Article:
WILLIAMSTOWN, Mass. — The Conservation Commission is close to producing documents that it hopes will add clarity to the status of some of the lands under its control.
The commission this summer has been addressing the lingering controversy surrounding the Lowry and Burbank properties, which last year were discussed as possible locations for replacement senior housing for the Spruces Mobile Home Park.
Although that debate stalled when the Board of Selectmen withdrew a formal request to the commission to consider releasing the parcels for development, their status is still a point of contention — and not a new one.
"The history of Lowry in particular and Burbank ... was that very soon after the 1987 Town Meeting ... the Board of Selectmen started talking about using those properties for affordable housing," Commissioner Hank Art said on Thursday.
To help inform any future discussions, commission Chairman Philip McKnight on Thursday suggested the panel author documents that lay out the histories of each of the properties under its control, including Lowry and Burbank.
"The statement will be a historical delineation of how the property came into the possession of the town and any restrictions," McKnight said.
"That sort of historical record would be an aid to those who might want to look at the provenance of the properties. We could put that kind of statement on the land records."
Then McKnight added, "It would not try to draw legal conclusions that would be subject to later judicial action."
Art and Commissioners Sarah Gardner and Robert Hatton took exception to the last part and pressed McKnight to go a step further.
"If it's just the facts, it's nice, but we're not adding much to the level of protection," Gardner said. "We started out, I thought, wanting to make it clear the land is in the care, custody, management and control of the Con Comm."
McKnight responded that while the Con Comm can draw a conclusion from the facts, its decision is not enforceable.
"I feel like if we're just presenting the facts, it's so wishy-washy we're adding little value," Gardner said.
Art, who communicated on behalf of the Con Comm with the attorney general's office last year during the height of the controversy, said that based on those conversations and his own research, he has no doubt both Lowry and Burbank fall under the protection of Article 97 of the commonwealth's constitution. The attorney general's office never gave a specific opinion one way or the other.
Art said he did not understand why Town Counsel Joel Bard reached the conclusion last year that Lowry was not protected by Article 97.
"In contradiction to what town counsel said about the Lowry property originally being purchased for a secondary school, the town on May 12  said that's not the purpose of the land," Art said. "The [Town] Moderator admonished the voters, saying if you vote for this, it would be much more difficult changing the use in the future.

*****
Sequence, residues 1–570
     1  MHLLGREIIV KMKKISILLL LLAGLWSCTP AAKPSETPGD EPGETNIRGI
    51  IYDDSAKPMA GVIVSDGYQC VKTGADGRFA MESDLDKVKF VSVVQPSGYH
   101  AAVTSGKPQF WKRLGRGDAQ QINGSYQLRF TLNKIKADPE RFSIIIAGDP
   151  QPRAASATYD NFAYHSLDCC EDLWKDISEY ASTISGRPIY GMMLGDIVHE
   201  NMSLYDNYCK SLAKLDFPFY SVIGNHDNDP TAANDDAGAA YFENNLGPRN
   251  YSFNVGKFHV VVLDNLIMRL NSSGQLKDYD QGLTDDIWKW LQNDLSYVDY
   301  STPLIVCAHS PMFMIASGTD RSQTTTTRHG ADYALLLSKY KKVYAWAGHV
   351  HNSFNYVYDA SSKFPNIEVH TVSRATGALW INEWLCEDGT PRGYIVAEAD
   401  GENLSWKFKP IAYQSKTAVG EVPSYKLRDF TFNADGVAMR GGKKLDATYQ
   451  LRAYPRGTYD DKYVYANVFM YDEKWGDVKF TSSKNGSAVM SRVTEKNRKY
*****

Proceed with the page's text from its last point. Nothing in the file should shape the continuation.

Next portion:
"Frankly, I don't know how the town counsel came up with his [March 2013] opinion, but I take it as an opinion. We cannot sue the town as a town commission, but we need to take a stand on this."
McKnight was persuaded that the Con Comm should take such a stand and agreed to incorporate it into the draft statement that he will bring to its next meeting.
"This is a lingering issue, and I'd hate to see it linger any longer," Art said.
In other business on Thursday night, the Conservation Commission:
• Allowed Bruce Beverly to build a driveway and single family home on a lot on Summer Street.
• Allowed Niels Oleson to replace a single family home and install a new septic system at 147 Old Mill Road.
• Granted a request from Williams College to install data cable at Cole Field that will facilitate webcasting of sporting events from the venue.
• Allowed the college to make repairs and improvements to Coles Grove Road.
• Issued a certificate of compliance to the owners of the 1896 House on Cold Spring Road. The owners wanted the Con Comm to confirm they complied with a 2001 order from the commission in order to pave the way for the sale of the property this month. During a site visit to the inn, Art found an unrelated issue (the location of a large propane tank near Hemlock Brook), which he asked town Conservation Agent Andrew Groff to look into.
• Gave its OK for the college to use a portion of the Weston Field complex (the field hockey field) for practice before a final certificate of occupancy is given on Sept. 5. The town's building department sought the Con Comm's guidance before giving its permission for the partial use of the complex because of stormwater issues over which the the commission has jurisdiction.
• Discussed making further improvements to Margaret Lindley Park, namely trail improvements, now that the commission's restoration of the bath house is complete.